This was such a lovely concert to be a part of. Just even to sit in the auditorium during rehearsal and see all these amazing artists belt out fantastic numbers. It was organised by a friend, Alex Parker, who I first worked with at university, on a production of Anything Goes – and is another example of people working tirelessly to keep theatre going strong.

📷 : Samuel Black

Where does your love of acting come from and is it something you always wanted to do?

I think I have always loved the idea of telling different stories. When I was younger I would love making people laugh and playing a range of characters in shows at school. From dancing to Bhangra at a wedding to learning Sanskrit poetry and Hymns – expression is intrinsic to Punjabi culture and I adore that. So music and the arts were always a big part of my growing up. My parents encouraged me to pursue performing as a way of gaining more confidence and learning different skills. My brothers are outstanding musicians – one has just set up a band and I have learnt a lot from them too. They always encourage me to persevere and seek new opportunities and the arts bring such an exciting scope to explore. I am always so grateful to my family for showing me that and for their constant, wonderful support.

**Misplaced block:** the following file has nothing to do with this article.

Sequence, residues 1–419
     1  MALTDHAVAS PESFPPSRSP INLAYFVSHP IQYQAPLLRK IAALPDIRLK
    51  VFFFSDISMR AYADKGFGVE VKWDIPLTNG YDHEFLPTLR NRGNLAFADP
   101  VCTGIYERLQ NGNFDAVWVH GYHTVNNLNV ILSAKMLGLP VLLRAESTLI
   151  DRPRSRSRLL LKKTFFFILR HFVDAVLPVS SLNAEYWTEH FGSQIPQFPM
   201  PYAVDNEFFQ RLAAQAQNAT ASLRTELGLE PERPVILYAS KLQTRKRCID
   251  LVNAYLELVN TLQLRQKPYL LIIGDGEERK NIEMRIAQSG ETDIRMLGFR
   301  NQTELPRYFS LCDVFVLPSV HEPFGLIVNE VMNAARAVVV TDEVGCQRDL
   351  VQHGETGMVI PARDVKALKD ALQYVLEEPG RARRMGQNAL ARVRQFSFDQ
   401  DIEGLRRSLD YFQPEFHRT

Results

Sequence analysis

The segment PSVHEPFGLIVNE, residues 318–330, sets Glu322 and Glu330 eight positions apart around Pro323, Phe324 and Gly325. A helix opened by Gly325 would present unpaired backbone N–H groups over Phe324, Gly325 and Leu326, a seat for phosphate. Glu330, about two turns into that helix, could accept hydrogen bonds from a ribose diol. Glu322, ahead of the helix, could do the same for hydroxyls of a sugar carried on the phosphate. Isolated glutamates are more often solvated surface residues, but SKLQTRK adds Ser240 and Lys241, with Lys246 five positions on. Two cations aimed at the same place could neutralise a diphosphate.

What are some of your favourite theatre shows to watch?

There are so many amazing shows. I love going to the National and seeing their fresh concepts. I love experiencing the power of theatre – that pin drop silence when the audience is totally transfixed. It is so great and important to see more work being created that champions diversity and reflects different experiences.

Can you say about filming your episode of TV series Back and the Cadbury Secret Santa commercial?

They have been great introductions to working on screen which is something I want to pursue more of. Back is a brilliant show and to be a small part of that was so exciting. I loved meeting the director and actors in the scene and seeing the focus and precision of their work. I came in on their first day of filming and to see the collective efforts of people coming together on a project of that scale is amazing. The Secret Santa commercial was excellent and combined two things I love – chocolate and Christmas! The team were so supportive and it was lovely to have a laugh in between takes. I always enjoy the opportunity to work in a completely new environment and appreciate all the varied shows and roles I have been fortunate enough to work on. I just want to keep learning and creating.